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No Civilians On The Front Line

No Civilians On The Front Line

Monday 28 Jun 2004

Dr Muriel Newman - Press Releases -Crime

ACT New Zealand Deputy Leader and Police Spokesman Dr Muriel Newman today demanded an assurance from Police Minister George Hawkins that police would not require non-sworn staff to perform front-line duties.

"Media reports today have outlined concern that police have been using civilian staff to help investigate burglary crime scenes," Dr Newman said.

"Police are already overstretched and understaffed. New Zealand's remains one of the most understaffed police forces on a per head of population basis - we would need an additional 2,300 sworn officers to match the policing rates in Australia, and another 4,195 to match those of the US.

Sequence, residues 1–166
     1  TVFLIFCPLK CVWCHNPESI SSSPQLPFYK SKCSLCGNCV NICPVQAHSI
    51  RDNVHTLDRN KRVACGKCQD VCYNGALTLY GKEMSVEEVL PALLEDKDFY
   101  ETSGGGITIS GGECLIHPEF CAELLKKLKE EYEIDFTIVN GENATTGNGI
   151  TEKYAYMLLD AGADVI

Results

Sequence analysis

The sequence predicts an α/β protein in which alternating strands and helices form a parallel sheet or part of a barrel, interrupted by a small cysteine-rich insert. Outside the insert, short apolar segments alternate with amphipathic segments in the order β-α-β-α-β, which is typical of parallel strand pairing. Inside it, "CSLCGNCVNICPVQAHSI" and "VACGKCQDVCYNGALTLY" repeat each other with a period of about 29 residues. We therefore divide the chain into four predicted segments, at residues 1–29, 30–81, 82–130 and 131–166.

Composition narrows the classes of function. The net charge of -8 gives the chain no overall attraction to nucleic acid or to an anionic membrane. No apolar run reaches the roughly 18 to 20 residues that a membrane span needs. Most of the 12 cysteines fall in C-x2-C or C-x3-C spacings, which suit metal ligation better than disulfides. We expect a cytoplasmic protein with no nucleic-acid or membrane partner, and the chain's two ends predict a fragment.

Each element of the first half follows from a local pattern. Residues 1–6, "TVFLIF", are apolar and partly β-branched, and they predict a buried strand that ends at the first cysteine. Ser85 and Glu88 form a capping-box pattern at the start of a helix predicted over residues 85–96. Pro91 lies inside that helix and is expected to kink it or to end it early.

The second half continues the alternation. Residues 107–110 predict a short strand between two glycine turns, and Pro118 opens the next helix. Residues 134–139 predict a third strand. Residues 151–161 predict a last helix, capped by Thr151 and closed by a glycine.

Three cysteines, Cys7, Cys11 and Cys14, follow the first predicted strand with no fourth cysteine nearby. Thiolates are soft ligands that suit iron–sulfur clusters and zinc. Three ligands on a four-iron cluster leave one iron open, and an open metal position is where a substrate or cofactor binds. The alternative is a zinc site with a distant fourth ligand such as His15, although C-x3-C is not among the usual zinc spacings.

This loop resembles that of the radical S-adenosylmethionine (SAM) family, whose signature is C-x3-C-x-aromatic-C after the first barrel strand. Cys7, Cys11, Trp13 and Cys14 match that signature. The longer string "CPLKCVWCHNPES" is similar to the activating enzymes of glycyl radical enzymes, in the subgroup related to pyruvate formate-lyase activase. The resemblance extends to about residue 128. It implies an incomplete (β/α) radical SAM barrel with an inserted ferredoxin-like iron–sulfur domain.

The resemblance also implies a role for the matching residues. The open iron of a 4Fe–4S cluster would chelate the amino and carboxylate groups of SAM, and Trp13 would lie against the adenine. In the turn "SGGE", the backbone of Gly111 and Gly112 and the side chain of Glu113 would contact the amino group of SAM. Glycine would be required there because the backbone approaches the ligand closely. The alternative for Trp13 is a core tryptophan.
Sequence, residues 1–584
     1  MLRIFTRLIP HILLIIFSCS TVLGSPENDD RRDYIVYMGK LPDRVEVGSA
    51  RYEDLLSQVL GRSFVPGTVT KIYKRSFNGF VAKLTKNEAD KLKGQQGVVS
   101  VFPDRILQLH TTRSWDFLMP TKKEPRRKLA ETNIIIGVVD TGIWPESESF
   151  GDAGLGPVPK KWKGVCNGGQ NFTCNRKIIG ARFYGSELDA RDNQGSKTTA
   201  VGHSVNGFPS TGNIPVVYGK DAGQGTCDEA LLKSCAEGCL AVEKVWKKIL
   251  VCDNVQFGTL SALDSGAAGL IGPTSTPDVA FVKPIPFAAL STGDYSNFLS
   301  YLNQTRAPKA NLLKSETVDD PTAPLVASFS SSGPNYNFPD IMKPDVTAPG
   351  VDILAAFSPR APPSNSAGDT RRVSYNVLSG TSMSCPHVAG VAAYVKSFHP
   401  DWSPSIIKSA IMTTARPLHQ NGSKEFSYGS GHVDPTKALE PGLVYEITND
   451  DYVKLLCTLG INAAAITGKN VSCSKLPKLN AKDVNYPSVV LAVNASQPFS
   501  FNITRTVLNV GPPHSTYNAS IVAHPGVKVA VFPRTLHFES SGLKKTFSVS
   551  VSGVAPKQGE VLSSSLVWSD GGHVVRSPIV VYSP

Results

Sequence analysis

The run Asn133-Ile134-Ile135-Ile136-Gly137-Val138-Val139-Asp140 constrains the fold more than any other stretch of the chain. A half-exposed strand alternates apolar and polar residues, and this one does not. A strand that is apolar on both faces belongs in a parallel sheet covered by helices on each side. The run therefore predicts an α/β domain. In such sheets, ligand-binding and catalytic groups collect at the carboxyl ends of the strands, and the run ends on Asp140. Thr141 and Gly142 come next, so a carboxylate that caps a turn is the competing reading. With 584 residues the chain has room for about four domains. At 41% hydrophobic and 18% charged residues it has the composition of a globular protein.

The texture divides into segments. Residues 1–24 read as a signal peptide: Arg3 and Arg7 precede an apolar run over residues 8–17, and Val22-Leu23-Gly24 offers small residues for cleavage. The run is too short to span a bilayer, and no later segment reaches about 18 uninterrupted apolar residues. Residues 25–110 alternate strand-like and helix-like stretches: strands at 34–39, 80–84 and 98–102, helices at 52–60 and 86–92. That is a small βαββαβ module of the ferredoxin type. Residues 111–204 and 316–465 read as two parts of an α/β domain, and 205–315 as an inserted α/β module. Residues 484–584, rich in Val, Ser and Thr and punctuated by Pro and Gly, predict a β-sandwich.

"Using civilian staff for secondary duties, such as finger-printing and administration, is a perfectly acceptable way to ensure that sworn officers are not tied up when they could be on the streets tackling crime - so long as that is all that non-sworn staff are doing.

"But Mr Hawkins must be clear about the ways in which these non-sworn staff will be used. The public deserves to know that, when they call the police for help, it is the police who show up - not a civilian who is neither authorised, nor equipped, to assist them.

"Thanks to Labour's soft-on-crime policies, public confidence in police is already slipping. I am calling on the Minister to assure the public that police are not so overstretched and under-resourced that they will be requiring civilians to perform front-line, core-policing duties that only sworn officers should be doing," Dr Newman said.


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